The way the Centre’s announcement on Thursday of Rs778 crore as aid for drought assistance to Maharashtra from the National Disaster Response Fund left out any mention of the drought-induced crop loss faced by five million plus debt-trapped farmers of Vidarbha has left many shocked.
The Vidarbha region, which has emerged as the country’s farmer suicide capital, has been reeling under its worst agrarian crisis ever due to truant rainfall leading to massive crop failure in cotton, paddy, pulses and soybean. On an average, three farmers end their lives every 24 hours. The government’s own figures show that more than 9,000 dry land farmers have killed themselves due to crop failure and economic losses due to cotton price.
“The government’s drive to push GM cotton in order to benefit one bio-tech MNC has only cruelly compounded the problems faced by farmers due to vagaries of climate since 2005 pushing many towards ending lives,” lamented Kishore Tiwari of the Vidarbha Jan Andolan Samiti. “Instead of atoning about the way they are responsible, the Centre has mocked the dead farmers and their bereaved families.”
In fact, the meeting of the high-level committee for central assistance to states affected by natural calamity where the aid was announced was chaired by Union agriculture minister Sharad Pawar, who is believed to understand the agrarian scene in the state only too well. The meeting in New Delhi was also attended by home minister Sushilkumar Shinde, finance minister P Chidambaram and Planning Commission deputy chairman Montek Singh Ahluwalia too.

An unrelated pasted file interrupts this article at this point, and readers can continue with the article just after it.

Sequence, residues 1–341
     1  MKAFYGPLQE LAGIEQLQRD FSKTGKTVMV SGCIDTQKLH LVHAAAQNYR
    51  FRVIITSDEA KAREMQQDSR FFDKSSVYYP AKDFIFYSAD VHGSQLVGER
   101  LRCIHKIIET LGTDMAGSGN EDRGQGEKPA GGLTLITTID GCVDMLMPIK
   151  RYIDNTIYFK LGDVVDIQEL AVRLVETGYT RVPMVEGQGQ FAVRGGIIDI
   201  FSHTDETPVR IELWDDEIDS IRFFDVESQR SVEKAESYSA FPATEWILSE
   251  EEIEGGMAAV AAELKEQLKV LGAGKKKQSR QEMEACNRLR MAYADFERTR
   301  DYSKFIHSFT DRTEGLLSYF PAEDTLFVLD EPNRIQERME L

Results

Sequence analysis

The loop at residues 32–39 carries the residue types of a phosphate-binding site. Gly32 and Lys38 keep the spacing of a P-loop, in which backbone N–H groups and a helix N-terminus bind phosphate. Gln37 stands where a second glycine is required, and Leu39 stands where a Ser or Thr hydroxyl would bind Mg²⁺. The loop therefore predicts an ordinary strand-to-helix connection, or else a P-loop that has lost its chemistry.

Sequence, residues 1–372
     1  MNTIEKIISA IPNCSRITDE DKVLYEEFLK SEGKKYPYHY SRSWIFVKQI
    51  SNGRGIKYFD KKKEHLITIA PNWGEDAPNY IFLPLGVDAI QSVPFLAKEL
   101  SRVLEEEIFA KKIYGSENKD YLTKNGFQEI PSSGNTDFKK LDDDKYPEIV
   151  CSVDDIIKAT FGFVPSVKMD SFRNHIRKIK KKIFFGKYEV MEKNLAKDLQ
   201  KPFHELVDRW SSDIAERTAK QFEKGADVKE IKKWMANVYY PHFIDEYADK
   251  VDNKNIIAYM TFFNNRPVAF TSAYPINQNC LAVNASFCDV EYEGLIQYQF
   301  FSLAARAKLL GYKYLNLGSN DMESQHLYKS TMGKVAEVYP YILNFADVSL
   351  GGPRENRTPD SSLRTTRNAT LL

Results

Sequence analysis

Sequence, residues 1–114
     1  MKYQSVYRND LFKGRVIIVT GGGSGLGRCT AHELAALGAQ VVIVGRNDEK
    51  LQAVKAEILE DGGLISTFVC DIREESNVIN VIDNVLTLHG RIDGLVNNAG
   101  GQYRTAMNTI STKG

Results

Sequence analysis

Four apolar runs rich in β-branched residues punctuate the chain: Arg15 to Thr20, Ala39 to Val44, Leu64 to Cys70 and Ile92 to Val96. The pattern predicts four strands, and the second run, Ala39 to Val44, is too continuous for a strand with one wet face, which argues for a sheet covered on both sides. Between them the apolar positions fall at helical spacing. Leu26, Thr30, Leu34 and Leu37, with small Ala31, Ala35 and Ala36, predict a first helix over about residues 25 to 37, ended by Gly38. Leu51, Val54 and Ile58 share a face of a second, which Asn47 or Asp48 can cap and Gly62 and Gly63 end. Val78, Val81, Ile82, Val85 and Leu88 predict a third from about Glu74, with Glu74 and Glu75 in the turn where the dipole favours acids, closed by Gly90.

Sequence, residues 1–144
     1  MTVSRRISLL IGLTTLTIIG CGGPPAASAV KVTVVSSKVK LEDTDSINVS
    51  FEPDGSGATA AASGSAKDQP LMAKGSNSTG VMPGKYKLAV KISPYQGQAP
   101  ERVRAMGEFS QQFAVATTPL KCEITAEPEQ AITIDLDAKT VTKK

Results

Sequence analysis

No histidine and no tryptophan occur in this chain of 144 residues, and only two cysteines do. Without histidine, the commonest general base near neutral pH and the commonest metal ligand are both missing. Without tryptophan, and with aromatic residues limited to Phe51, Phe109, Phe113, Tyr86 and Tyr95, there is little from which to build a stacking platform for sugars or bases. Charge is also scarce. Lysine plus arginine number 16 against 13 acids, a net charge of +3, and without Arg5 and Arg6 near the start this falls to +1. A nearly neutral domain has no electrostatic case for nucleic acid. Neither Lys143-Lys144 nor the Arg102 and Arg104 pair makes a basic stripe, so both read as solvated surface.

“One refuses to believe that all these ‘wise’ people didn’t realise it’d be wrong not to mention what is happening in Vidarbha. This is a ploy by the powerful western Maharashtra politicians’ lobby to ensure that the focus of the Centre and state is restricted to their region only,” charged Tiwari -- a charge which sticks when one considers how the local district administrations in Vidarbha have not even sent a report on the crop-loss to the state.
A team of central government officials led by joint secretary RB Sinha visited the state in November 2012 to assess the drought situation. Curiously, it didn’t visit Vidarbha despite conditions there. It seems their recommendations to the Inter-Ministerial Group constituted under the chairmanship of the agriculture secretary did not reflect any of Vidarbha’s concerns.
Many are now linking the total avoidance of any mention of the worst-hit region to these recommendations. Nearly everyone in the bureaucracy too feels stumped at the meagre amount released. “The state needs around Rs5,000 crore and that’s what had been suggested to CM Prithviraj Chavan. We were quite taken aback when he only asked for Rs2,857 crore. With the Centre’s latest announcement of Rs778 crore, one wonders what the logic is,” said a senior water resources ministry bureaucrat.